The youthful Toronto Maple Leafs, in the face of seemingly-insurmountable odds, have won many admirers in their steadfast refusal to give up the race for the playoffs. Stoically — some might say heroically — they have battled back from defeat to remain in the hunt for a postseason berth. Undeterred by the unfavorable reality of the standings, this team refuses to give up hope, and has shown a relentless dedication to continue the fight until the very end.

Leadership defines success in all walks, be it business, personal affairs, times of war, or simple competition. When times are perilous, when hardship ensues, and when all looks lost, it is our leaders we look to for guidance and support.

And in Toronto, in the game of hockey, leadership has prevailed. It is no coincidence the Leafs‘ best stretch of hockey this season has followed the resurgence of captain Dion Phaneuf, who has visibly taken command both on the ice and off.  There may be 23 players in the room, but the one wearing the ‘C’ is still the one they all look to for the example, part of it tradition, part of it respect for the decision to nominate the individual with such an esteemed honor, and an earned respect which translates to a willingness to follow. Our Captain is committed to the cause. He believes. What excuse do we have? It is a great truth in the world of sports — as in all walks of life — that as leaders go, so too go their followers.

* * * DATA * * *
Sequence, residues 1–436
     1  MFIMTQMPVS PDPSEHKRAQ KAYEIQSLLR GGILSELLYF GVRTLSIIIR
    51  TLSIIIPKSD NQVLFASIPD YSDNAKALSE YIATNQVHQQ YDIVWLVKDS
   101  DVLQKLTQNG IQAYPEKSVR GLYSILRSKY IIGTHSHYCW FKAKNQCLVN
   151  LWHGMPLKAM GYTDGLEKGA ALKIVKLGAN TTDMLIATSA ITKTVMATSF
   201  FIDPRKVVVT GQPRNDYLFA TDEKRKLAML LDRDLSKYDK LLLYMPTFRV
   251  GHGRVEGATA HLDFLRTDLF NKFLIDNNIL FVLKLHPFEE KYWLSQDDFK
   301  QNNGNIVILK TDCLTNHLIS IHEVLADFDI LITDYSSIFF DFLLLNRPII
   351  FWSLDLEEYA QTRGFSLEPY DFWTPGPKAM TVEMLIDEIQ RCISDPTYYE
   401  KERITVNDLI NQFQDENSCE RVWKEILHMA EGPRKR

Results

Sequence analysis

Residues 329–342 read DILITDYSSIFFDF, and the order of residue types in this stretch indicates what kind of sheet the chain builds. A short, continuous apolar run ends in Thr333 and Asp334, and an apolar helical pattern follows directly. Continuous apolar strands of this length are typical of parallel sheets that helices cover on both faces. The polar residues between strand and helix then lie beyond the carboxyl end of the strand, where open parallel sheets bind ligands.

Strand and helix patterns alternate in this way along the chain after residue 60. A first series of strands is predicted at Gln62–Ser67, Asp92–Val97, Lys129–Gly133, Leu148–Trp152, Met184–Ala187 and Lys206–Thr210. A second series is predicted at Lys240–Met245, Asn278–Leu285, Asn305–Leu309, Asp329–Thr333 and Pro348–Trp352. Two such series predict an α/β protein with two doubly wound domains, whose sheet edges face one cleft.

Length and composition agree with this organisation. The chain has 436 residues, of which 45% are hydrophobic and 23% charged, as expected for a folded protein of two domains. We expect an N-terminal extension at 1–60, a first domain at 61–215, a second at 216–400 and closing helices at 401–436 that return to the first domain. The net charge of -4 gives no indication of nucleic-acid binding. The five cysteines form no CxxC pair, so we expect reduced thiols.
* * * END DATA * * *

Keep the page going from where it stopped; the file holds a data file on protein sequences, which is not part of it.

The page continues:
But even the best among the team’s players, and the most respected of its leaders, cannot lead the team to victory alone. And here it falls upon the rest of the team to support their leaders, and each other, with their own spirited efforts. James Reimer may be young, fresh, and inexperienced, yet he has been able to rally the team with not only his performance, but his exuberance, confidence, and a steadfast refusal to yield to the weight of the task ahead.

Similarly, it has been young defenders Luke Schenn and Keith Aulie, and relatively-inexperienced forwards Mikhail Grabovski, Nikolai Kulemin and Clarke MacArthur, who have taken up the rallying cries of their captain, and their youthful backstopper, and led their team through battle time and again. Their belief in their teammates, and in themselves, inspires their play; in turn, their play has inspired and strengthened that belief throughout. For without support, without backing, without comrades-in-arms, there can be no victory.